Tuesday, October 12, 2004

Beyond Content

...and beyond teaching?

Yesterday, I said that I thought that too much emphasis does seem to be placed on getting the content out there and not enough, perhaps, on the teaching or facilitation around that content. While I think there's no replacement for a good teacher to help someone progress through their learning, Derek Morrison at the Auricle blog introduced me to a different way of thinking about the "content problem" that Sebastian Fiedler wonders about.

Auricle: "But we all know (don't we?) that a load of content online, no matter how prestigious the source, does not e-learning make; a fact recognized by David Wiley's Open Learning Support (OLS) project, a pilot research project launched last April in collaboration with MIT."

As I said, it's not the content that makes MIT. Then I said, "it's the teaching." Well, that was probably a simplification. It's the teaching and learning. And while we can't re-create the MIT experience around it's content, the Open Learning Support project fascinates me as a way to at least create some additional, and I think needed, piece of the puzzle--a learning community. What a great idea to create an open space where those folks who want to take advantage of the MIT content can also engage with other learners!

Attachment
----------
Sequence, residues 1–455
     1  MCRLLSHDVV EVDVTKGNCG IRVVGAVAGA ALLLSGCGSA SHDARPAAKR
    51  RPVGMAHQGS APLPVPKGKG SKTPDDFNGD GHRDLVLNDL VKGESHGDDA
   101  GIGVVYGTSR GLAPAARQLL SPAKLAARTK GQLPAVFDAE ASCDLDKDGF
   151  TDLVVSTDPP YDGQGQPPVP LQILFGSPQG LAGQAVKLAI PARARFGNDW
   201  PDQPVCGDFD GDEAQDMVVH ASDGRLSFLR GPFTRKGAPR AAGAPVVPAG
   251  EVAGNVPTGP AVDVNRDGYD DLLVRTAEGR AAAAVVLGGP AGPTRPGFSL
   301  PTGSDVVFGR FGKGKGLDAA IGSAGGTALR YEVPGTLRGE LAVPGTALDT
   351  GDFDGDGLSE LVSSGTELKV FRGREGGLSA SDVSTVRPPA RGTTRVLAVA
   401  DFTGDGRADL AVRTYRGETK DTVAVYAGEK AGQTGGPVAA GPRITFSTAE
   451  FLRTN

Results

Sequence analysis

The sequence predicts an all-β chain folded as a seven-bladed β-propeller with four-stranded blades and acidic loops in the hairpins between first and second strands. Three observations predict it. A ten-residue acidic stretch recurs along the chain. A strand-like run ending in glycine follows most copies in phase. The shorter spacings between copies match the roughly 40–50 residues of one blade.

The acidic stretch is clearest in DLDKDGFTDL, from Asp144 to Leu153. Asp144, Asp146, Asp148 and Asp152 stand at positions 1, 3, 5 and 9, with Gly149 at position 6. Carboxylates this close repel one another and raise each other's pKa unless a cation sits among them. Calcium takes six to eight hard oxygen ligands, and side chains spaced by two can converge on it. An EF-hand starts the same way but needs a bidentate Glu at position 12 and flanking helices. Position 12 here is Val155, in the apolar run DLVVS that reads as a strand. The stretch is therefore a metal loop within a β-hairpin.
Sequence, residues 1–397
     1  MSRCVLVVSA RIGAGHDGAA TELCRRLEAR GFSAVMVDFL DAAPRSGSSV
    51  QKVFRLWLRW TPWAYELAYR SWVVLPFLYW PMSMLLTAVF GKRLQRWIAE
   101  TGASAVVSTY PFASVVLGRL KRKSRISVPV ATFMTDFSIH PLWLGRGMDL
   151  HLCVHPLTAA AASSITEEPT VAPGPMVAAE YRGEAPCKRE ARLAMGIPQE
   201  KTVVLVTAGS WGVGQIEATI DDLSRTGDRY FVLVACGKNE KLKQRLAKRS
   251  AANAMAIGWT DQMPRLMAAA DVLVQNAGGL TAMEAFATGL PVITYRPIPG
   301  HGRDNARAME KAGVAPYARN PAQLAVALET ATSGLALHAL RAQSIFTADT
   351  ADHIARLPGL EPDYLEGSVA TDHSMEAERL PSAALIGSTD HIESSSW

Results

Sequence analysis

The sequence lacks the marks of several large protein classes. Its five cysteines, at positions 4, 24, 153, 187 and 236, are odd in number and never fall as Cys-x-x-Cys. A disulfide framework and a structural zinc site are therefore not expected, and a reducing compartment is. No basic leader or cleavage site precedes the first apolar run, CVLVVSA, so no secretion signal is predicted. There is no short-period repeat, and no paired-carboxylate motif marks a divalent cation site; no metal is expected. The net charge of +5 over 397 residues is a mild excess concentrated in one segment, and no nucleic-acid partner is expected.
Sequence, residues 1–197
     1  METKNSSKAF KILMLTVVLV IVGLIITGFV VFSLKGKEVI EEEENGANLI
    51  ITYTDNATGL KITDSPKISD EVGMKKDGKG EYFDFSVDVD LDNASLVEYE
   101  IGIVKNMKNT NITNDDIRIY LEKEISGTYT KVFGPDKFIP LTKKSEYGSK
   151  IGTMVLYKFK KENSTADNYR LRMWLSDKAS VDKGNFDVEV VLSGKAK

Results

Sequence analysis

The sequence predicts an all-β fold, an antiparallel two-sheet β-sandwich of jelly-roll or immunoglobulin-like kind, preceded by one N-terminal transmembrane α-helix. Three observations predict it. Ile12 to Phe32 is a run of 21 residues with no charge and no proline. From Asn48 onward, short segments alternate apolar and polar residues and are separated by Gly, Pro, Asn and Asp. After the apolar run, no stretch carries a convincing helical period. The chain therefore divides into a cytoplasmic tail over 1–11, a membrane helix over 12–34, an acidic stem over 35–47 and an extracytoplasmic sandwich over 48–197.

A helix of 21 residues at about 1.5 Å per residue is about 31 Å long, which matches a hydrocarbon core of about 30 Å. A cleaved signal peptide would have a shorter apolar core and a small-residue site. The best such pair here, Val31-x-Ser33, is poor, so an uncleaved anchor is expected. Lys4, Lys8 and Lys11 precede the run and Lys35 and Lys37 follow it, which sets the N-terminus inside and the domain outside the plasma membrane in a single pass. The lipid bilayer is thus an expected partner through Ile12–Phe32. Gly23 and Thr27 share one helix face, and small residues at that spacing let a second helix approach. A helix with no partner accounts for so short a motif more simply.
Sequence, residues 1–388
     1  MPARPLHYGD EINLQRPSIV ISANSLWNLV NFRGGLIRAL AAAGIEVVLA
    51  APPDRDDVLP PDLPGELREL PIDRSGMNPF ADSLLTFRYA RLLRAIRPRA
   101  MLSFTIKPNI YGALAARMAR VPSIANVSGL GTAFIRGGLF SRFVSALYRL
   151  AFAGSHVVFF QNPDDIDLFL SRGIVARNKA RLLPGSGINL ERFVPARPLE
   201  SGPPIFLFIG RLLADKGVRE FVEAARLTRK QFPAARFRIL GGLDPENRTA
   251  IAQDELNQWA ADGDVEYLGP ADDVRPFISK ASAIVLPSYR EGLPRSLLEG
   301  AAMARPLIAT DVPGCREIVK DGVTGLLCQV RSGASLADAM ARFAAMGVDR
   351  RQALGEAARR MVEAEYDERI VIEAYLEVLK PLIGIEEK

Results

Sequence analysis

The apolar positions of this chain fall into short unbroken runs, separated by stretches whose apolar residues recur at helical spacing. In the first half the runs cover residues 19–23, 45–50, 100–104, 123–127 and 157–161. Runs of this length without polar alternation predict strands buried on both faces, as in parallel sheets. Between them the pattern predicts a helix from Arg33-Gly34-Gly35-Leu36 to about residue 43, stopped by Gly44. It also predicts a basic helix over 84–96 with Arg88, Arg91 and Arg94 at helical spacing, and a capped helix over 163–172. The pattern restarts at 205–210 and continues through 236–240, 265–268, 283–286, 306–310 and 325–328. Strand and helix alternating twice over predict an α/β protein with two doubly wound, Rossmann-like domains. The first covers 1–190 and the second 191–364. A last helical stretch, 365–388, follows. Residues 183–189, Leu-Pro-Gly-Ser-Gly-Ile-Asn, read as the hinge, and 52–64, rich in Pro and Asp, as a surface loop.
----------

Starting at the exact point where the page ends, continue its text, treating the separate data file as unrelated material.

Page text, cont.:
We educational progressivists like to tout the notions of learner-centered classrooms and constructivism, and maybe this project, with its "self-organizing" learning communities will end up showing just how powerful such ideas can be. But will these open communities really take us not just beyond content but also beyond the need for teaching?

I don't think so. Derek also references Gilly Salmon's 5-stage model, suggesting (I think) that this kind of progression may be missing in some of the OLS project communities. In order for a learning community to advance, it needs someone to tend it. It may be that effective self-organizing learning communities can be successful if someone (or a few someones) in the community take on a facilitative role.

But it does feel to me like content plus community are still not quite enough. Facilitation seems to me to be key. I'm eager to see what the OLS tells us about this!


At 12:17 PM, Blogger Matthew Buckley said...

"In order for a learning community to advance, it needs someone to tend it."

This is an interesting notion. I think you are correct, tending does need to occur, but isn't it possible for the users themselves to do this tending?

This seems to be the idea behind Eric Raymond's Cathedral and the Bazaar. He mentions that he was/is shocked at success of Linux. There is no central driving force, rather "several thousand developers scattered all over the planet, connected only by the tenuous strands of the Internet".

You can argue that you still need an expert to guide the process, but I'm not so sure. If the content is there, then students will become experts, and assist others as they learn. You could almost argue that if they figure it out themselves they will understand the content better than if they simply had somebody 'give' it to them. And if they are teaching it to others they will understand the content even more.

Just a few thoughts...


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